BUFFALO, N.Y. (AP) - All Sabres center Daniel Briere wanted was to get his shot past the diving Carolina defensemen.
Then he saw the red light, heard the crowd cheer and suddenly: Game 7.
Briere scored a power-play goal 4:22 into overtime, his snap shot from the left circle dribbling in off goalie Cam Ward's glove, to give Buffalo a 2-1 victory over the Hurricanes. The win tied the Eastern Conference final, with the decisive game at Raleigh, N.C., on Thursday.
"I knew if the shot could just get to Ward and maybe we could jump on the rebound," Briere said. "I saw the light go on, I saw the fans kind of jumping up, I couldn't see much from the blue line. It's a heck of a feeling."
It was Briere's second overtime goal this postseason - he scored in Buffalo's 3-2 win over Philadelphia in the first round.
J.P. Dumont also scored for Buffalo and rookie Ryan Miller stopped 25 shots.
The series winner advances to play Edmonton in the Stanley Cup final, which will open at Buffalo or Carolina on Monday.
The Sabres won despite facing elimination for the first time this postseason, and rallied after the Hurricanes appeared to grab the momentum by winning the previous two games.
It didn't even seem to matter that the Sabres squandered a 1-0 lead when Bret Hedican scored with 3:53 left in regulation for Carolina.
"It's been our M.O. all year, just a fearless bunch of guys," Sabres co-captain Chris Drury said. "We always seem to find a way. It's certainly no different tonight. Just our poise, too."
Now it's up to the Hurricanes to respond.
"We can't sulk and hang our heads," defenseman Glen Wesley said. "We did a lot of positive things. ... We took a penalty and almost had the kill. Unfortunately, we didn't get the win."
Briere's goal came with Doug Weight off for boarding. Weight shoved Jason Pominville from behind in the Buffalo end.
After failing to generate much in the first 1:40 of the power play, the Sabres had one final rush and got a break when Carolina's Justin Williams stumbled inside his own blue line.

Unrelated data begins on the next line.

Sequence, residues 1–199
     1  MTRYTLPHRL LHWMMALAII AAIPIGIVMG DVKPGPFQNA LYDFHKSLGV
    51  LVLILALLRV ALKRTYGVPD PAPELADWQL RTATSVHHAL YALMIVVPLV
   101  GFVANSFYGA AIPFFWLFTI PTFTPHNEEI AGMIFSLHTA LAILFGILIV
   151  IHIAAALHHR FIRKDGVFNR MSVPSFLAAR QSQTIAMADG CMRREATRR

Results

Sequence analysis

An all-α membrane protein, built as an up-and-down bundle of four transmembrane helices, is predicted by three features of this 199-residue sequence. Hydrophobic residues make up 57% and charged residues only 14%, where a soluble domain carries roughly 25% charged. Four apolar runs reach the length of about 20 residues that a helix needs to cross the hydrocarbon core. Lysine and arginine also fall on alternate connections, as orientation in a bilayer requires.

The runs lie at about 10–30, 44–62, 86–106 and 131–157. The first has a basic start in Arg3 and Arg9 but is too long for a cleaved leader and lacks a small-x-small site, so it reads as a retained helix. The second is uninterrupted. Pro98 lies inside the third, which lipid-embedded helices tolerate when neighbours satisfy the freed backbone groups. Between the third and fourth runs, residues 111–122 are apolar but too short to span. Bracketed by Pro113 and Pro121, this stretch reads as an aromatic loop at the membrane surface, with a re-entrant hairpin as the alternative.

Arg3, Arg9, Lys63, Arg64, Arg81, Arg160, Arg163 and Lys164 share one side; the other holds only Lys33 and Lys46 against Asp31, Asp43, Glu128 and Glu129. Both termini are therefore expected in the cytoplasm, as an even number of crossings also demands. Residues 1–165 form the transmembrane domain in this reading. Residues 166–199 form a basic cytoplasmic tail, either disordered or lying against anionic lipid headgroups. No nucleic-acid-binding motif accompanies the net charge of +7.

Buffalo's Derek Roy got to the loose puck and fed Rory Fitzpatrick at the right point, who quickly passed across to Briere at the top of the left circle. Briere patiently waited for an opening before snapping a shot that fluttered in.
"It went off my glove and shoulder and kind of popped in the air," Ward said. "I had no idea where it went after it hit me. Unfortunately, it was too late when I looked back."
Weight was even more frustrated, watching the play develop from the penalty box.
"It's a bad feeling," he said. "I'll come out and give 110 percent and try to do everything I can to help in the game on Thursday."
Hurricanes coach Peter Laviolette disagreed with the penalty, and said the officials missed two infractions against Buffalo during the power play.
The outcome was a reversal of Carolina's 4-3 overtime win on Sunday when Cory Stillman scored with Dumont in the penalty box for hooking.
Dumont can now stop kicking himself for his miscue. His goal, converting Briere's rebound from the slot five minutes in, ended an eight-game scoring drought.
"After I scored that goal, a ton of pressure just went off my shoulders," Dumont said.
It marked only the fifth time the Sabres have forced a Game 7 when trailing a series 3-2. Carolina had previously won all four Game 6's when up 3-2.
Miller played his best game of the series after he had allowed 15 goals on 109 shots in Buffalo's previous four games.
His only blemish was allowing Hedican's goal, when the Hurricanes defenseman scored from the left circle, beating a screened Miller just inside the far post.
Miller kept the game tied by getting his blocker up to stop Hurricanes captain Rod Brind'Amour with 1:40 left in regulation.
Ward also played strong, earning the start after he stopped all 15 shots he faced in relieving Martin Gerber on Sunday. Besides foiling Pominville set up in the slot in the first period, Ward got across in time to block Ales Kotalik's one-timer from the left circle.
The Hurricanes came out flat, outshot 31-26 and 14-5 in the first period.
"Obviously, the emotions are not good," Laviolette said. "We're going to have to be a lot sharper than that."